https://www.eastbaytimes.com/2018/12/15/water-shortages-ahead-sierra-nevada-snow-pack-on-track-to-shrink-79-percent-new-study-finds/Water shortages ahead? Sierra Nevada snow pack on track to shrink 79 percent, new study finds
Lawrence Berkeley National Lab report finds “fundamental changes” coming for California’s water supply
Every year, like a giant frozen reservoir, snow that falls across the Sierra Nevada mountain range slowly melts in spring and summer months, providing roughly one-third of the water supply for California’s cities and farms, from the Bay Area to Los Angeles.
But at the current rate at which the climate is warming, the amount of runoff from Sierra snow into California’s largest reservoirs is heading for a dramatic decline — a 54 percent drop in the next 20 to 40 years and 79 percent in the next 60 to 80 years, according to a new study from scientists at Lawrence Berkeley National Laboratory.
The fading role of the Sierra snow pack as a central feature in California’s water supply already is underway. As it continues, much less water from melting snow will be available to fill huge reservoirs such as Shasta, Oroville and Folsom. The ominous trend is occurring as the state’s population and farm economy continue to grow, establishing a new reality that will require fundamental changes in the way California and the federal government have operated the state’s water system for nearly 100 years.
“It’s a dramatic loss of snow. It has huge implications for water management,” said Alan Rhoades, a postdoctoral fellow at Berkeley Lab and lead author of the study, which was published this month in the journal Geophysical Research Letters. . . .
As that warming continues — and much of it is guaranteed, based on the amount of carbon dioxide humans already have emitted — more of the precipitation falling on California’s vast Sierra Nevada range is coming in the form of rain, rather than snow. The warmer temperatures also will continue to melt the Sierra snow pack earlier in the winter season than in decades past.
That has major implications for the years ahead. It means more flood risk, because more winter precipitation will be coming down as rain during major storms instead of being held in the mountains as snow, Rhoades noted.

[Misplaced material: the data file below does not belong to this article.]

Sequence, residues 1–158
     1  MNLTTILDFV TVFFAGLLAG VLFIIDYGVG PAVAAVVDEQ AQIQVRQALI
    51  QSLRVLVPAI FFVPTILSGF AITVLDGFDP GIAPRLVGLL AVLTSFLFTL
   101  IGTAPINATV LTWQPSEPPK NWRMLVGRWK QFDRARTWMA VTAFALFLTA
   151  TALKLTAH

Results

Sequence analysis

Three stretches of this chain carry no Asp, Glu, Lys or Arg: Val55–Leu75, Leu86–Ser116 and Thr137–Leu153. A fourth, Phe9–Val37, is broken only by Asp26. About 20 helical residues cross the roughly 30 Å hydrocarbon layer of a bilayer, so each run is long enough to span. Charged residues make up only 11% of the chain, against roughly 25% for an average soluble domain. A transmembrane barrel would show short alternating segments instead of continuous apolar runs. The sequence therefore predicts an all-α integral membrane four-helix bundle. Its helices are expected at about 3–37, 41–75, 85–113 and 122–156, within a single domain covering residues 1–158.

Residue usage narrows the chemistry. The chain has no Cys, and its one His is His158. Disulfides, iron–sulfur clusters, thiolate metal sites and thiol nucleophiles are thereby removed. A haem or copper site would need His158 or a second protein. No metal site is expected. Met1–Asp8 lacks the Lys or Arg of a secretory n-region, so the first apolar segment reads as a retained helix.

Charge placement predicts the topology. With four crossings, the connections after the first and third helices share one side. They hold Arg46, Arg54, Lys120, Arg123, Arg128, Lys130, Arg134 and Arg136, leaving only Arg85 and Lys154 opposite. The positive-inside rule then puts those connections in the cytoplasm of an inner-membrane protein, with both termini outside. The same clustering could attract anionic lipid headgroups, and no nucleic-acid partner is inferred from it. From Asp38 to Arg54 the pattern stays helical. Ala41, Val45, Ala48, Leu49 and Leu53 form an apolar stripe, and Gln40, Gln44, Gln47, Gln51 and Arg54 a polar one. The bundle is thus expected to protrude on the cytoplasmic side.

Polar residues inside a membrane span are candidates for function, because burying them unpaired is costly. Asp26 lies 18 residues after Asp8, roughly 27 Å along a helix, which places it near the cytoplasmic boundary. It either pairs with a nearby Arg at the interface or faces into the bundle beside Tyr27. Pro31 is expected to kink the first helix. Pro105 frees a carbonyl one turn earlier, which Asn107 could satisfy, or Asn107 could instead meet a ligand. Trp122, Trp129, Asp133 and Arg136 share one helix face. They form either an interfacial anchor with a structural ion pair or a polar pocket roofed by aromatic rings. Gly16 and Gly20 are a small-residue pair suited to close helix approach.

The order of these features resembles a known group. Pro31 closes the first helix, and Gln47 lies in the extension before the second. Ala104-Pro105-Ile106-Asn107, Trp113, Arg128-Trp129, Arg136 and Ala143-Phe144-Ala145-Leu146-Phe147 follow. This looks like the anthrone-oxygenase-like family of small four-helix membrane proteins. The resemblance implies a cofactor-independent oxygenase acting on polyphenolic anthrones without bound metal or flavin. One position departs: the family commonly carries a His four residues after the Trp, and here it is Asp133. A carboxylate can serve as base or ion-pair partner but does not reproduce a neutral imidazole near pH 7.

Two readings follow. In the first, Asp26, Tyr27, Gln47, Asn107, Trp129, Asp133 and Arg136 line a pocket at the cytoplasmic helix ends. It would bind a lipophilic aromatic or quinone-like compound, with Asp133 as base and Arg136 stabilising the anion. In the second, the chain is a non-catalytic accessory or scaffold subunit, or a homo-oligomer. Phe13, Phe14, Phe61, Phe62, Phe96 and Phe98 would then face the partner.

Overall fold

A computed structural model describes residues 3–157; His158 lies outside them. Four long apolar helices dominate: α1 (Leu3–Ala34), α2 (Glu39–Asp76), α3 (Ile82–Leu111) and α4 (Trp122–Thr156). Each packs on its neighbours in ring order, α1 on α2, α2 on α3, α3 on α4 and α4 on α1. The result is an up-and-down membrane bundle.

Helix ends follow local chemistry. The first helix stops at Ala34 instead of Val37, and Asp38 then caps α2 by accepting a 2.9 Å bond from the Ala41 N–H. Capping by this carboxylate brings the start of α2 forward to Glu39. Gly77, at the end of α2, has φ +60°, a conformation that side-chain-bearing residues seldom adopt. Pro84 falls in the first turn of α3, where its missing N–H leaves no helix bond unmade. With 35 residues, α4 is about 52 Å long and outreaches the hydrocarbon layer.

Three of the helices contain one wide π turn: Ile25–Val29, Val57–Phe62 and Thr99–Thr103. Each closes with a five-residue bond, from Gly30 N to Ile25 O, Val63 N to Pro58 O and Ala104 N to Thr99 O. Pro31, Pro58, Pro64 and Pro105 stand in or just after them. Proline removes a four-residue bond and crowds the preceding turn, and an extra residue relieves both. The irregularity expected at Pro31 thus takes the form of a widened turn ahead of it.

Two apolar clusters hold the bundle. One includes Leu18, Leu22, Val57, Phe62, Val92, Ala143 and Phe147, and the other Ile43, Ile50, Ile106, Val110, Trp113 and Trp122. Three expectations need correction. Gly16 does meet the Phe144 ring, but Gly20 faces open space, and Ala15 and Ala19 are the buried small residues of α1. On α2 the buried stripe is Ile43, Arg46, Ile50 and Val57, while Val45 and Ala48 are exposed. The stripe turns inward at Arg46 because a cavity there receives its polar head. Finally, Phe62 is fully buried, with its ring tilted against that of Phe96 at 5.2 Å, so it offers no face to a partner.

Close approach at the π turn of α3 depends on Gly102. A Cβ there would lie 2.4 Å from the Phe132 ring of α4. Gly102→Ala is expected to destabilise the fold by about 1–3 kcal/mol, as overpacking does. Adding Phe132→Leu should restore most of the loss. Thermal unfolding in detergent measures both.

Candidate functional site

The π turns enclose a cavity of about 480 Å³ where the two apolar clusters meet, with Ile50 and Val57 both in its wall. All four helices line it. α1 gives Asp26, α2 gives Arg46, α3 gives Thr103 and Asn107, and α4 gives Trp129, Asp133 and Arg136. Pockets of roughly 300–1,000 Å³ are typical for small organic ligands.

That, in turn, will require dam operators to keep less water in reservoirs at the beginning of each winter, so they have more room to catch the water from big rainfall events and reduce flood risk to cities downstream as rivers rise. But in dry years, if reservoirs are kept low and not much rain falls in the winter, that could mean severe water shortages in the summer.
The shrinking snow pack also increases wildfire risk. It affects the amount and timing of hydro-electric power that can be generated. And it has implications for endangered salmon and other species that depend on steady flows in rivers. . . .
The state has several options to avert disaster, said Ellen Hanak, director of the Water Policy Center at the Public Policy Institute of California, a nonprofit research organization in San Francisco.
One, she noted, is to build more off-stream reservoirs or raise the height of existing reservoirs to capture more water for use later in the year. Second is to store billions of gallons more than is now being stored underground, in groundwater aquifers, so it can be pumped out later by farmers and cities.
“If we don’t want to lose the water,” Hanak said, “we have to put it somewhere else.”
The Sierra Nevada snowpack already has been shrinking.
Previous studies have shown that since 1906, the amount of snowmelt runoff reaching the Sacramento River between April and July has decreased by about 9 percent.